Pumpkin Ale is an American original, invented in the 18th century by English colonists in the New World. Pumpkin is a New World plant that is rich in starches and sugars. Pumpkin ale was brewed in England only after the introduction of pumpkins there from North America. The brewing methods for pumpkin ale are about as varied as there are breweries making it. As a general rule, pumpkin ale has an orange to amber color, a biscuit-like malt aroma, and a warming pumpkin aroma. Modern pumpkin ales are almost always made with “pumpkin pie spices,” which usually include cinnamon, nutmeg, allspice, and sometimes vanilla and ginger. The finish tends to be dry because of many fermentable sugars derived from the pumpkin. Pumpkins belong to the family of squashes and zucchini, the family of Cucurbitaceae. The English word “pumpkin” is derived from the Greek word pepon, meaning large melon. In old English, this fruit was often spelled pumpion or pompion. Apparently, the term was coined around 1550, and the oldest written reference to pompion appears only 100 years later. The oldest known recipe for “pompion ale” is made only from pumpkin juice and, unlike modern pumpkin ale recipes, does not call for any addition of cereal malts. It is thus more a recipe for a pumpkin wine than for a pumpkin beer. The recipe dating precisely from February 1771 was published anonymously by the American Philosophical Society:


Let the Pompion be beaten in a Trough and pressed as Apples. The expressed Juice is to be boiled in a Copper a considerable Time and carefully skimmed that there may be no Remains of the fibrous Part of the Pulp. After that Intention is answered let the Liquor be hopped cooled fermented & as Malt Beer.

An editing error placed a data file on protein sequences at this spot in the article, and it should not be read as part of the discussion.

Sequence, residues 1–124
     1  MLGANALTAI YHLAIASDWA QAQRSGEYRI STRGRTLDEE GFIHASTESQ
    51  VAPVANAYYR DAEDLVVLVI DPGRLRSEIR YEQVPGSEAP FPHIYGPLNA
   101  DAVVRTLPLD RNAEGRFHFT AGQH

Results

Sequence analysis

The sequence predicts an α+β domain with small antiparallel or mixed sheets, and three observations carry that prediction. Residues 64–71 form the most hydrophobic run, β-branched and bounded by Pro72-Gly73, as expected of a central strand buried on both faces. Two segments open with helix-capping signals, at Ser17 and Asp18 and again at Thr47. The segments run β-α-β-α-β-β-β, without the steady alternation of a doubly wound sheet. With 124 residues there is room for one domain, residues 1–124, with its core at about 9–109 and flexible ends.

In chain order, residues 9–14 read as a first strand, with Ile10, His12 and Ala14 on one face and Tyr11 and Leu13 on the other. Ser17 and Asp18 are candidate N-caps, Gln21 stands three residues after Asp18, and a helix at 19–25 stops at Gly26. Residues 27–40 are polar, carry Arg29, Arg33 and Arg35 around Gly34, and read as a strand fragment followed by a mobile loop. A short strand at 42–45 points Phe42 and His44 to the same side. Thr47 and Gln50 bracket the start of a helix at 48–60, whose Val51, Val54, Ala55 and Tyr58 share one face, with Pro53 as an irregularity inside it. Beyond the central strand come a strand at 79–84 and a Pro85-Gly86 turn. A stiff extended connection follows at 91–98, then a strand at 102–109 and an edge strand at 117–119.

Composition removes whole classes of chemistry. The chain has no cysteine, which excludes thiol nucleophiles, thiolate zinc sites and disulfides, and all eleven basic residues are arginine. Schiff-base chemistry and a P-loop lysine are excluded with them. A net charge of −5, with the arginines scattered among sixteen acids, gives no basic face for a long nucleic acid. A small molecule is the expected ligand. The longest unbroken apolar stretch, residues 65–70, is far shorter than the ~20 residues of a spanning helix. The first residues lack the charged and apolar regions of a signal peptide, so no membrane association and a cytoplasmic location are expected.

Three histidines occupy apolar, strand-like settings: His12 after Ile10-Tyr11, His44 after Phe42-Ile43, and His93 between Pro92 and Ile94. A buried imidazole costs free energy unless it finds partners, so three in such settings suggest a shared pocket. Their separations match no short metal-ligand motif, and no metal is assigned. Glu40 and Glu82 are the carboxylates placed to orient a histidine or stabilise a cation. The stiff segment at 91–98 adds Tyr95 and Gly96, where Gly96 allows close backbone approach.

Later recipes started to include malt as well, leading to the modern version of pumpkin ale. There can be little doubt that the American association of the pumpkin with the holiday pie recipe has influenced today’s interpretations. Hops are not really the point of most pumpkin ales, so either English or American varieties can be used. The malts are often a combination of grain pale malt, pilsner malt, Munich malt, and caramel malts. The pumpkins, too, can be used in many ways. Some brewers add the pumpkins raw, cut up in small cubes and macerated; others bake the pumpkins first, for about 90 min at about 190°C (375°F), and then remove the seeds, stem, and skin, before macerating the meat to a pulp. Yet others press the pumpkins like apples and add just the juice to the kettle or the fermenter. In terms of process, there are also great variations. Some brewers add the pumpkin to the mash, which has the advantage of allowing the mash enzymes to convert the pumpkin starches. In this case, the pumpkin must be cooked first to gelatinize the starches, allowing the conversion. Others add the pumpkins to the kettle, which may increase the finished beer’s turbidity. Larger commercial brewers often use pumpkin puree. Some brewers add the spices to the kettle, often wrapped in cheesecloth and boiled for only 15 min; others add the spices to the fermenter, which can give the beer a harsher, more astringent flavor. There is also a technique of soaking the spices in vodka for several days and then just adding the strained extract to the fermenter. Pumpkin ale can be made by single- or multistep infusion, even by decoction. Given the greater turbidity of pumpkin ale wort, many brewers use plenty of Irish moss as a kettle fining. See carrageenans. After the kettle, it is pitched with a warm-fermenting yeast and treated like any other ale. Variations in flavor are wide; many pumpkin ales are sweet and heavily spiced, straining for the pie associations. Others taste more like ordinary ales with a nutty background flavor of squash and a light dash of spice. Most appear in American bars, restaurants, brewpubs, and shops in late summer, acting as an annual harbinger of the coming autumn.